School Vaccination Drive Begins Today

February 18, 2018

The Peninsula -- With Tetanus, Diphtheria and Pertussis (Tdap) National School Vaccination campaign set to kick off tomorrow, the Ministry of Public Health (MoPH) has highlighted the importance of immunization and personal hygiene in controlling infectious and communicable diseases.

 

Dr Soha Al Bayat, Head of Vaccination Unit, Health Protection and Communicable Disease Control Department at the MoPH, said that vaccination is the best-proven measure to protect children and adults from infectious and communicable diseases.

 

“Through research by the World Health Organisation, it has been proven that millions of deaths have been prevented by vaccines and communicable diseases have been on a decrease in many countries. 

 

Some countries have been able to eliminate diseases like measles because of vaccination. Personal hygiene also plays a major role in preventing some infectious diseases,” she said, speaking recently on the sidelines of a workshop related to upcoming Tdap National School Vaccination campaign for students in the tenth grade.

 

“If we are committed as a community, we can achieve success and help in eliminating diseases. One of our aims in having vaccination campaigns is to control and eliminate diseases from the community and world,” she added.  The standard childhood vaccination schedule is administrated from the age of one. But two vaccines are given at birth for infants to prevent tuberculosis and hepatitis. Also, several vaccinations are needed to be repeated and others are given upon requirements such as travel plans and spread of seasonal flu.

 

MOPH will start the eighth annual Tdap campaign today and it will continue for three weeks aiming at vaccinating 9,000 students in independent and private schools. It will be administrated as booster dose as when a child reaches adolescent age the immune level induced by the vaccine given at childhood becomes weak.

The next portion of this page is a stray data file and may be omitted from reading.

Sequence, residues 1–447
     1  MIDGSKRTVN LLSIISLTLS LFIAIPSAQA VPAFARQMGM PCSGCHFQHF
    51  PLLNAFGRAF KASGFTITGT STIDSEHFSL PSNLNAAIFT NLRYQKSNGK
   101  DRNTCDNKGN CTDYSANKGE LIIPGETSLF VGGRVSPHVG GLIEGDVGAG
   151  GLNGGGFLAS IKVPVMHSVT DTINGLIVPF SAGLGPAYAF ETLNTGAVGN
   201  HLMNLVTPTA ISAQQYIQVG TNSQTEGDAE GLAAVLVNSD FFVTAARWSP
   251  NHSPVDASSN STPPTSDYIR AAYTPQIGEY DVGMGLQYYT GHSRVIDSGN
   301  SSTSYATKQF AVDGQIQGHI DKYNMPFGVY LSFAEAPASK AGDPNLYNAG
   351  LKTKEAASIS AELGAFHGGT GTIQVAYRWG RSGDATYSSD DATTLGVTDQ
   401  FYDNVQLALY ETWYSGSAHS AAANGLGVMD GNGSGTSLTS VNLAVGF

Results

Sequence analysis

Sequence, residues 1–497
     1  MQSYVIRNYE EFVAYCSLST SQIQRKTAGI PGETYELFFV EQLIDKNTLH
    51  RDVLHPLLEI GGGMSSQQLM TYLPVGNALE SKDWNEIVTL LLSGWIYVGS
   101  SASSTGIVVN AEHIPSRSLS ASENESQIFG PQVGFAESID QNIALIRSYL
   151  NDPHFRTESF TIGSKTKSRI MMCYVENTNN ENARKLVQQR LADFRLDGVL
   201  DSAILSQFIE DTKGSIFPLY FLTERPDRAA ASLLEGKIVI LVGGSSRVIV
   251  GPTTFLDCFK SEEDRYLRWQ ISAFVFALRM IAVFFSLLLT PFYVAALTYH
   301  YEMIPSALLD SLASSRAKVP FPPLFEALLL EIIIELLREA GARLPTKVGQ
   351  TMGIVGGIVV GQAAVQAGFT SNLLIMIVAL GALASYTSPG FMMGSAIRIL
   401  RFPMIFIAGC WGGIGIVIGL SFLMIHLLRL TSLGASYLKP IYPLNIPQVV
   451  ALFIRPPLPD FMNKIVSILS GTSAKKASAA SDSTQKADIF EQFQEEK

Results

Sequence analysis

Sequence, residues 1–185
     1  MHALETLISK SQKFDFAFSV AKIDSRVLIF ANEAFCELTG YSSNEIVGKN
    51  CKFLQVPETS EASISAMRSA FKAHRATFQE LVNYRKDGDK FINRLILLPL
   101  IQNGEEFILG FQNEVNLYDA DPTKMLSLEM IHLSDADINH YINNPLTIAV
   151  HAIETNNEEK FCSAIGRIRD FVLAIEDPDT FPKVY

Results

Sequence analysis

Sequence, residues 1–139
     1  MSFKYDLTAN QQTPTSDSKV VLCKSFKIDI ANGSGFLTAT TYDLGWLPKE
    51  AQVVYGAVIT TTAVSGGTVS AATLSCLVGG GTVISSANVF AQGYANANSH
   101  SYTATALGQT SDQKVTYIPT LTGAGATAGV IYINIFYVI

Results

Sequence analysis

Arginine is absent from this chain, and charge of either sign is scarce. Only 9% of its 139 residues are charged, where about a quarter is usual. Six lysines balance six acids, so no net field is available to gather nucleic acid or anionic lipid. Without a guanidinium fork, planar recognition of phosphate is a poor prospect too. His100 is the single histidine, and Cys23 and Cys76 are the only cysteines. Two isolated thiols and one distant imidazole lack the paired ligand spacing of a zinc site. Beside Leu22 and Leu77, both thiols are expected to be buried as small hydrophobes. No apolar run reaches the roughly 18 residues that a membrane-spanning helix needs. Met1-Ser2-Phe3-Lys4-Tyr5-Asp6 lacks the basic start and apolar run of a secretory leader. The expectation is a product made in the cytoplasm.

Meanwhile, Dr  Al Bayat also highlighted that  simple measures followed in keeping personal hygiene will help in preventing spreading of infections. “Vaccine is the number one measure to protect children and adults from infectious and communicable diseases. But maintaining personal hygiene like washing hands regularly with soap and water plays a major role as well. We encourage people to start focusing on simple measures and be safe from infections. At home, we clean toilets, sometimes more than once a day, because we know there are germs. But there are much more germs on mobile phones, laptops and desktops and such devices also should be cleaned regularly,” she said.

 

Dr Al Bayat further said that children should be taught to adopt certain habits such as cough and sneeze etiquette in order to prevent infections spreading.

 

“Some people think that children don’t understand. But it’s wrong and the best time to teach a habit to anybody is very young age,” she added.

 

Further, children and staff if diagnosed with infections or communicable diseases should avoid going to school.

 

Dr Al Bayat said, “Sick children and staff should avoid going to school. If they had severe illnesses, fever, rash or any other unusual symptoms should see a physician before returning to school and ensure that they are fully cured.”

 

Additionally, the MOPH should be notified of any suspected out breaks of fever, rashes and any other unusual symptoms.

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